8 Web Design Considerations for Successful User Experiences

Good, intentional web design is essential when it comes to guiding a user through your website towards where you want them to go, whether that be to your product(s), your contact information, your team page, or anywhere else.  Purposeful web design can increase signups, drive sales, and can even make visitors to complete an action before reading a single word on your website or landing page.  Try to strive for clarity, consistence, and purpose.  Here are some key web design rules to guide you through your next website build and ultimately get more leads for your business.

8 Web Design Considerations for Successful User Experiences


Keep navigation simple, but consistent throughout the site.  There’s no need to reinvent the wheel in different sections of your site that maintain the same branding.  Navigation should be the first point of interaction on your site.  Most people will click the first link they come to, which is why the main call to action is such a crucial piece of your website (and why sliders quickly became detrimental).  Carefully consider what the first link a user will see.

The navigation follows the steps you want your visitor to take.  Order the information accordingly and ask yourself what pieces are absolutely necessary.  Does your preferred client really care about the detailed history of your business or would you rather drive them towards service or product information?

Be sure to ask yourself questions that the users will ask:

  • Where am I?
  • Where have I been on the site?
  • And where should I go next?
  • How do I get back to the home page?
  • Is the language clear and accessible?


Use the typographic hierarchy to organize your site titles and headlines – like you see here with the title of this blog and the subheaders below it.

The H1 and H2 tags are important in that it’s how Google and other search engines recognize the structure of your content.  Here are some helpful hints to keep in mind while you lay out your page:

  • Make sure the most important headline (<h1>) is the largest and most prominent than the rest.
  • Keep headlines short and sweet.
  • Use a headline to tell your visitor within 3-5 seconds where they are and what they are there for.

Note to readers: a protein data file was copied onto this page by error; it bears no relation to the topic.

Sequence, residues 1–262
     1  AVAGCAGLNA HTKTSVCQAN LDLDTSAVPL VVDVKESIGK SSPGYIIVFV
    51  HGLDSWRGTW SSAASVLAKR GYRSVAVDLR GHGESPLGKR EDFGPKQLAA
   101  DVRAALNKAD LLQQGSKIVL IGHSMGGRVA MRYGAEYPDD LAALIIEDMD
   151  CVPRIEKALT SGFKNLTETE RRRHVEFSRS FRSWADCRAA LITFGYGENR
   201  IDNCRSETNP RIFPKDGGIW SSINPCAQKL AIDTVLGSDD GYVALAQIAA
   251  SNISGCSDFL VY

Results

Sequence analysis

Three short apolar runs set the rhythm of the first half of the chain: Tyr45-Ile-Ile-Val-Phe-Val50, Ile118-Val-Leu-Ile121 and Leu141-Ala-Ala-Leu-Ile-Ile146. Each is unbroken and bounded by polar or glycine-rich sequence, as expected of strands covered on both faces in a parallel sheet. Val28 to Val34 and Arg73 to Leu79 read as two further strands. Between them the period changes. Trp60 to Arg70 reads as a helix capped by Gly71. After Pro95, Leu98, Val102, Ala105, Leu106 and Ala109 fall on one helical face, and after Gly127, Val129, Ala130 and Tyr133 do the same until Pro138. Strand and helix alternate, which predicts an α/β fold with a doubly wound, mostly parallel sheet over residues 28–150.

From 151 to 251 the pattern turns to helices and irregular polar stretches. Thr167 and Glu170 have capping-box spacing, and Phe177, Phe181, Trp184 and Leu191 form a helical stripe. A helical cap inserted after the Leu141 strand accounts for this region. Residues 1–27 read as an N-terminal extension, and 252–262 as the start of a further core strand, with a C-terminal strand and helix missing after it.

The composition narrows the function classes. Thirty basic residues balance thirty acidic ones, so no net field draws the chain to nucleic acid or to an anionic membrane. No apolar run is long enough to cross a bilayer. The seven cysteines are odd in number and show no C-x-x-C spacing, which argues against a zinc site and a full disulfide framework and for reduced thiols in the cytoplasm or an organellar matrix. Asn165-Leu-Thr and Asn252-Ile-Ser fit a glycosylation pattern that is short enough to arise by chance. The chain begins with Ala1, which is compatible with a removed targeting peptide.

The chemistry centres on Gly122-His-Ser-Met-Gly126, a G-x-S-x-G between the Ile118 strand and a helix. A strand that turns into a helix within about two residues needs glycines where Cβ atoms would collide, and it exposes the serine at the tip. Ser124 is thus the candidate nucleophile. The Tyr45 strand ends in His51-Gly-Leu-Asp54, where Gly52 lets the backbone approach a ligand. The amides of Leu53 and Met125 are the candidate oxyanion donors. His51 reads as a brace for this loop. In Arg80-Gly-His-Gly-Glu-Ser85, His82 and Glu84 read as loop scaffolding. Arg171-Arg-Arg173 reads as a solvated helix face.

• Resist the temptation to get creative; make the subject matter clear.

Fonts, Colors, and Contrast

Craig Barber just posted a brilliant, simple breakdown of effective website design and said to pick one font and just three brand-related colors for your site.  Any more than that will be confusing and complicate what should be a very clean look.

Differentiate the sections of your site with contrasts.  Section background colors (using good accessibility standards), dividers, etc can separate content areas nicely.  Create a natural flow between content blocks and allow enough white space between sections, headlines, paragraphs, and so on to make the page more legible.

The Call-To-Action

Make the Call-To-Action (or CTA) clear and prominent.  Effective CTAs should begin with an action word, such as:

  • Sign Up Now
  • Subscribe
  • Buy Now
  • Start Now
  • Donate
  • Learn More

Secondary CTAs (which you should be asking yourself how necessary a second call-to-action is) should be differentiated with a smaller font and/or different color.


Again, in asking yourself what is absolutely necessary on your site, how much information do you need from a lead in order to connect with them?  If your goal is to drive an opportunity to contact them, then save some information gathering for that follow-up conversation.  Visitors are much more likely to fill out a form if it’s short and not asking for too much information.


Use quality photography or illustrations to support the text on your page.  The visitor is there for the text and the CTA, not the picture of your building, so make sure it’s complimentary instead of distracting.  If you can’t afford a good photographer to produce some content, stock images are a good alternative.


Every website needs to have a footer to tie the page together.  Give the visitor necessary navigation options, especially if the page requires a bit of scrolling.  It’s also a good place to put links to social media, contact information, a mission statement, and copyright/privacy information.  Just make sure it’s consistent throughout.


And finally, as users are primarily browsing on mobile devices anymore, the mobile experience is going to be a whole separate web design consideration.  The page needs to adapt to every variation of screen width and provide a shorter and quicker direction to that CTA.


At the end of the day, consistency and smooth user flow is the name of the game.  To summarize, ask yourself these questions:

  • Is the headline clear and to the point?
  • Does the page meet my business’ goals?
  • Are your images appropriate for the site and brand?  Do they tell the right story?
  • Do the subpages fit the same brand and feel of the home page or will users have to adapt to a new experience?
  • Is the user confident of where they’re at on the site or will the be confused by how they got there?
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